Not a lot of people are saying it at these conferences. Most of them all they talk about is real estate. I don’t think people understand that entrepreneurship creates jobs, jobs creates income, which allows you to afford eventually real estate, rent, stuff like that. I mean this country has to lead with entrepreneurship and business. So that’s where I kind of had a link with you. I was like, wow, she’s great.

Teresa Esser:

Well, thank you. You can use big data to figure out how to lower the risk when you’re trying to learn how to export. I’m a big fan of using the resources that we all paid for when we pay our taxes. I’m in favor of using the United States Department of Commerce. There’s a program called Export Tech, which every time you send a package outside the United States you have to fill out a customs form. You have to say the dollar amount and the place where it’s going,and the SIC code, SIC code or NAICS, that’s the category like is it a book? Is it a chair? Is it a table? Everything has a SIC code.

So all of that goes into this database. So if you show up at export check and you say I’m a manufacturer. I’d like to figure out how to export they’ll say have you thought about…they’ll run it through this program. The big data will look at trends and they’ll say, have you thought about Brazil? You say, no, I was thinking of trying Denmark first and they say products in your SIC code are doing really, really well in Brazil right now. Have you thought about trying to export to Brazil? What about a trade mission? Then you could say that would never have occurred to me.

That’s where I think in the world we have to let go of our ego and just let the data tell us what we should be doing. Let the big data say what about if you did it this way? What about if you turned all your assumptions upside down? What about if instead of saying I’m scared of that neighborhood just say, you know what, that’s an opportunity zone. I should figure out how to manufacture here and export.

Rocco Forino:

So that’s cool. That’s a real functionality of a government website now? It gives recommendations?

Teresa Esser:

Yeah. Export Tech. Anyone can go to Export Tech. It’s really one of the most underutilized things that I know about. We had a lieutenant governor just left and their entire mission was have you thought about exporting? What about Export Tech? Would you like to go through Export Tech? Wisconsin does not have a lot of state support for entrepreneurship but they do have grants for learning how to export. Go through this program. There are scholarships you can get from the City of Milwaukee. Scholarships to help pay for the cost of showing up, going to school, learning. Once you go through you can get a grant to learn how to export. It’s a very high probability of winning the grant unless you owe back taxes. I mean seriously. Learn to export. Do it. All the data says we should be doing this and it’s also common sense, in my opinion.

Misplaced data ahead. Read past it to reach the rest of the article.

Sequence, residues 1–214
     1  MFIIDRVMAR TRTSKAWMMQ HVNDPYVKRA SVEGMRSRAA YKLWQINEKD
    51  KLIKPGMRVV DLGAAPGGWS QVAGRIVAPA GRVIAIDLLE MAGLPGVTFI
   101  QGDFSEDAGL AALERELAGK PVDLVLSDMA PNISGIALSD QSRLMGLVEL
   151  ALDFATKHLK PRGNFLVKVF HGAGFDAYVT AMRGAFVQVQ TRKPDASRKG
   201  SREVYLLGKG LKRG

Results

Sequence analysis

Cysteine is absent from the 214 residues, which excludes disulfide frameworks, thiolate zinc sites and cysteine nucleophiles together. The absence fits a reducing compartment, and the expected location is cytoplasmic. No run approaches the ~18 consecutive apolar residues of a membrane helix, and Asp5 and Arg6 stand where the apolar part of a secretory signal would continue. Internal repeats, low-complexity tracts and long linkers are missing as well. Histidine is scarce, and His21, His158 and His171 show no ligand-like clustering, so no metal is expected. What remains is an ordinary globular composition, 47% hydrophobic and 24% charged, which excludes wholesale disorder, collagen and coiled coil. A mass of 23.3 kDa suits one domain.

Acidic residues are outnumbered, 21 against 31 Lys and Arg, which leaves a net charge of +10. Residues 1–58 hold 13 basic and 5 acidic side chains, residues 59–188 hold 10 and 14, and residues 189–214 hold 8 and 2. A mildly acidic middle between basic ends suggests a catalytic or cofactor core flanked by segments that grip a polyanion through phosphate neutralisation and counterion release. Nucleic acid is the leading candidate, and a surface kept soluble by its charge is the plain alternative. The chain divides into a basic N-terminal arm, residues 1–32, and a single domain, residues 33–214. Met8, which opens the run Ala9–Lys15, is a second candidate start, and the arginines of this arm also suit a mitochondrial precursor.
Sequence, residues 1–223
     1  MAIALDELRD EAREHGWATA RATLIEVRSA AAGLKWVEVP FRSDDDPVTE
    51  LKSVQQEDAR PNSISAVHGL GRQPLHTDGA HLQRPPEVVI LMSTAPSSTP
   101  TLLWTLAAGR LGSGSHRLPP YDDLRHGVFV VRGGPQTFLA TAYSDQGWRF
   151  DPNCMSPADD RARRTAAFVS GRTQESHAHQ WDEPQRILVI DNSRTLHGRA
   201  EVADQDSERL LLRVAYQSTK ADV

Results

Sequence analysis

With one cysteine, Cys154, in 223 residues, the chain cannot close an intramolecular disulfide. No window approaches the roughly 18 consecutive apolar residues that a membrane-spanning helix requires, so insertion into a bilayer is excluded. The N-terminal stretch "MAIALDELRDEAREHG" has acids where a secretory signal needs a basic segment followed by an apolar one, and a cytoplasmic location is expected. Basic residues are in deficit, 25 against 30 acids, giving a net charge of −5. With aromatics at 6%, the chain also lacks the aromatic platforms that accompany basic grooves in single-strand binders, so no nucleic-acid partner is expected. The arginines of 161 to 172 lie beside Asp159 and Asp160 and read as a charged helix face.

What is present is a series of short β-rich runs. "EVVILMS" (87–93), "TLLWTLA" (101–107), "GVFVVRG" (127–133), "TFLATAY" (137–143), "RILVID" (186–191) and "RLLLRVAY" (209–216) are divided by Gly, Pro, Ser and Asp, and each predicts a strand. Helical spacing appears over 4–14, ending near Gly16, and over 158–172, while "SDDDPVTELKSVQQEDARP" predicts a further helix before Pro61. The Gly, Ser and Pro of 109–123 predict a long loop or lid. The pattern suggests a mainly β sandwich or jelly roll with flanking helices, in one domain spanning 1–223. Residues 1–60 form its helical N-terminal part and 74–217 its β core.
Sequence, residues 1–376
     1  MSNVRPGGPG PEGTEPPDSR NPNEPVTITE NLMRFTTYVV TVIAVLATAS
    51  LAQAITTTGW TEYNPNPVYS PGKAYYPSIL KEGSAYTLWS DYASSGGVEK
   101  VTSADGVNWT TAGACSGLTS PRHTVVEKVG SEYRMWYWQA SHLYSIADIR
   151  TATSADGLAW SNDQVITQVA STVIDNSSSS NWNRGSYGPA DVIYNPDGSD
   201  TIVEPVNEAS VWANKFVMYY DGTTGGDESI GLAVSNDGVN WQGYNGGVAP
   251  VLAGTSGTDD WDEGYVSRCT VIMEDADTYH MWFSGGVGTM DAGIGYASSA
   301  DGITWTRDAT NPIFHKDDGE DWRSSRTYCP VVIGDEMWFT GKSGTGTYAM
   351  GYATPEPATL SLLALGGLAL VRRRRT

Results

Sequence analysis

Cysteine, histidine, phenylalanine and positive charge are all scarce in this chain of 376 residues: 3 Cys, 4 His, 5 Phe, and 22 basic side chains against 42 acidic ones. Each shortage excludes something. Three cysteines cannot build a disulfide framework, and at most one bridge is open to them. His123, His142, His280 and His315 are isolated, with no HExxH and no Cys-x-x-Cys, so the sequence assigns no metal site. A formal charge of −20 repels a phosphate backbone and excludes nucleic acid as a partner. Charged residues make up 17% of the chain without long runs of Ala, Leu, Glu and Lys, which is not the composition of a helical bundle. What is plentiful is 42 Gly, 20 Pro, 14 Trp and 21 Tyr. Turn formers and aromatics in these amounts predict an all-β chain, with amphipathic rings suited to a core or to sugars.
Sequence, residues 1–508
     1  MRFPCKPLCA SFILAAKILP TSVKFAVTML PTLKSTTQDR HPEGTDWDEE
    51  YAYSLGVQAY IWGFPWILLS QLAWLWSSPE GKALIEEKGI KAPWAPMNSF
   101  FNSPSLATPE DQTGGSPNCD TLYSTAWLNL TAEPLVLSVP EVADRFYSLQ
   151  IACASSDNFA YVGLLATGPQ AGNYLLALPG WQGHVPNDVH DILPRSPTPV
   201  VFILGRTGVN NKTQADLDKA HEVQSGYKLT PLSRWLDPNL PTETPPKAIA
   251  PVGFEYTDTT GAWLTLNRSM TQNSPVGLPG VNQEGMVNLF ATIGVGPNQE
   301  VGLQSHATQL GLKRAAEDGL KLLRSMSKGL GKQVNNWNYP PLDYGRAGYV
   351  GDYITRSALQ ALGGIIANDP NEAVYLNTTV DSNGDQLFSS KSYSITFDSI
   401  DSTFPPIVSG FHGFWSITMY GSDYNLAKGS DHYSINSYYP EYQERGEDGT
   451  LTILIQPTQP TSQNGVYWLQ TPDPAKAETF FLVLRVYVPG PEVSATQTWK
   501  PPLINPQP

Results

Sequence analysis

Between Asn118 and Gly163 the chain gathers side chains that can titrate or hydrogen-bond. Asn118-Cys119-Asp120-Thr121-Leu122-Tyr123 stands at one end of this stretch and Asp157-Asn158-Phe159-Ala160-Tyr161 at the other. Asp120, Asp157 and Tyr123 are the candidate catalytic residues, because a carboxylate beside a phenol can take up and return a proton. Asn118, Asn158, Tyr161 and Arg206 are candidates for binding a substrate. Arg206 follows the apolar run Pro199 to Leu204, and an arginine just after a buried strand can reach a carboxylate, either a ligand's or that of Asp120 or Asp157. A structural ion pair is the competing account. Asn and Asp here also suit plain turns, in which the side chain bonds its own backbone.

I think the only thing that’s holding us back is fear. Fear of the unknown, which is why I want to bring those Koreans here and say look at them, they’re just like us. You don’t have to be afraid.

Rocco Forino:

Wow. That’s crazy. I never thought that…I remember when I got out of college one of the things, because I studied international business and finance. They showed us how to use all the websites but they weren’t recommending anything. It was just, like you said, SIC codes, NAC codes, so there was just actually so much information about what you could possibly export. Trying to figure out where was probably a lot harder, so that’s great that that’s an option now.

Teresa Esser:

Yeah.

Rocco Forino:

So you wrote the book The Venture Café. I have to say, it was probably one of the best books I’ve ever written on entrepreneurship. You really dive into some really emotional and timeless topics that most entrepreneurship books hardly ever cover. This is a book I wish I read when I started my first business in 1999 after I graduated college, so I could have avoided quite a few mistakes. What inspired you to write the book and did you write it during your and your husband’s startup NBX or right after? At what point did you begin writing it?

Teresa Esser: